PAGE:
Friday, 18 September 2015

Russian who 'saved the world' recalls his decision as 50/50

His name is Stanislav Petrov, a former Soviet military officer whor is known in the West as "The man who saved the world."

 A movie with that title, which hits theaters in the United States on Friday, tells the harrowing story of Sept. 26, 1983, when Stanislav Petrov made a decision credited by many with averting a nuclear war.
An alarm had gone off that night, signaling the launch of U.S. intercontinental ballistic missiles, and it was up to the 44-year-old lieutenant colonel to determine, and quickly, whether the attack on the Soviet Union was real.

"I realized that I had to make some kind of decision, and I was only 50/50," Petrov told The Associated Press. Despite the data coming in from the Soviet Union's early-warning satellites over the United States, Petrov decided to consider it a false alarm. Had he done otherwise, the Soviet leadership could have responded by ordering a retaliatory nuclear strike on the United States.

What made this even more dangerous was that the Soviet Union appears genuinely to have feared a surprise U.S. nuclear attack during what was an exceptionally tense period of the Cold War. That month, the Soviets had shot down a passenger plane flying to South Korea from the U.S., suspecting it of spying. The United States, after a series of provocative military maneuvers, was preparing for a major NATO exercise, called Able Archer, which simulated preparations for a nuclear attack.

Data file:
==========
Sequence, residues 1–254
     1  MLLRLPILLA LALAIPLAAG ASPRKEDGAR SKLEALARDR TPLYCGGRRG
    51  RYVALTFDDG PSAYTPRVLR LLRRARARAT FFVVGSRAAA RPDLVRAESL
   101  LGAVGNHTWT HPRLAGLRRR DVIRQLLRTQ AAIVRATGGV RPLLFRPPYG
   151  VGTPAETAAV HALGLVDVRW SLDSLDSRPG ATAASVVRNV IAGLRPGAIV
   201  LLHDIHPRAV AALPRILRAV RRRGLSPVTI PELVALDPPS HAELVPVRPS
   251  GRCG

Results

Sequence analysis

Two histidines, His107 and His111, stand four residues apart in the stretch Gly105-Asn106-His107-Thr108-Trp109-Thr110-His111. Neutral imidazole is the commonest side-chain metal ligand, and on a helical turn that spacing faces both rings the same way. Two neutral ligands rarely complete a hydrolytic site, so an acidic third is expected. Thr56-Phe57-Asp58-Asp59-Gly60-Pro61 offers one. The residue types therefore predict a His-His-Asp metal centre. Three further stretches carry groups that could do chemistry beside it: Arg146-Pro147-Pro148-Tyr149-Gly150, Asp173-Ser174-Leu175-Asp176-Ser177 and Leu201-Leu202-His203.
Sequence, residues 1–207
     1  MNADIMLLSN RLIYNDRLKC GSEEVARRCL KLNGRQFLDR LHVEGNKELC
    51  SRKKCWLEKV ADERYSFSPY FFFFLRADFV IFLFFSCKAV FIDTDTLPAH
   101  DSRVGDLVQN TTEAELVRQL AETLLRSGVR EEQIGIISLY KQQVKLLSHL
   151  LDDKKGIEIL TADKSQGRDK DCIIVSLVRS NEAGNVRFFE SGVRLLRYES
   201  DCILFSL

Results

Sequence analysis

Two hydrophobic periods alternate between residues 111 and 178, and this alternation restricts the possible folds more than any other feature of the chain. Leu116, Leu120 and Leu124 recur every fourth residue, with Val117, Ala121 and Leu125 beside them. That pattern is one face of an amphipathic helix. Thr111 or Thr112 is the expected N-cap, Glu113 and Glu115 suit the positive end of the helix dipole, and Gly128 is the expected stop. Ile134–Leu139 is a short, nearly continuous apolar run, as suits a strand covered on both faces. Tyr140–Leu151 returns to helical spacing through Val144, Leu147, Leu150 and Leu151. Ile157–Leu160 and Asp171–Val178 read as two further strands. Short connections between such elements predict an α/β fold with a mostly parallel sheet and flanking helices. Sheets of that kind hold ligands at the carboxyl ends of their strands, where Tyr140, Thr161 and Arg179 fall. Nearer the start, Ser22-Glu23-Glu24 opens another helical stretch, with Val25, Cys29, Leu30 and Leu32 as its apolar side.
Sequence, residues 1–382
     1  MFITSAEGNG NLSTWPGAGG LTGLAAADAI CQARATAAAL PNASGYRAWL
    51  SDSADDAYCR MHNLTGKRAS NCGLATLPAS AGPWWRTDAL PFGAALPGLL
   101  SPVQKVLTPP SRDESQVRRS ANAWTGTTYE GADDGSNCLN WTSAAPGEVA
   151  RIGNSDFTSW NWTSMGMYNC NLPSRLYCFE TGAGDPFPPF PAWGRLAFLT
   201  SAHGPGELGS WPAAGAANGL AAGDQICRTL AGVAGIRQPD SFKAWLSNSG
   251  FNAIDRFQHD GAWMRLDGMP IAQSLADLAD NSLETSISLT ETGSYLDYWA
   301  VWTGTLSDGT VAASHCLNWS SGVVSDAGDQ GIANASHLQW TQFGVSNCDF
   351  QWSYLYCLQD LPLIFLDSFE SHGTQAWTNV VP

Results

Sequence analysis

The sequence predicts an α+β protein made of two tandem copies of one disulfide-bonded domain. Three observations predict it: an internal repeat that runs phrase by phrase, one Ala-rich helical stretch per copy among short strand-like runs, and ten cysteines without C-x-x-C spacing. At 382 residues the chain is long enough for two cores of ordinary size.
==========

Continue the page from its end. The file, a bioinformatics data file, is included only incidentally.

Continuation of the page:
In the movie, "The Man Who Saved the World," by Danish director Peter Anthony, actors portray the events of that night in 1983. The dramatic scenes are interwoven with footage of the real Petrov as an older man at his home in Russia, and on a 2006 trip to the United States, where he receives an award at the United Nations and meets with movie stars, including Kevin Costner, Matt Damon and Robert De Niro.

In his homeland, Petrov's role in history has won him little fame. He still lives in Fryazino, a town on the outskirts of Moscow, in a simple, unkempt apartment that looks much as it does in the movie, down to the long strip of yellow fly paper hanging from the ceiling. Unlike in the movie, where Petrov is shown angrily chasing out foreign journalists who have come to hear his story, he proves a gracious host, welcoming guests into his kitchen.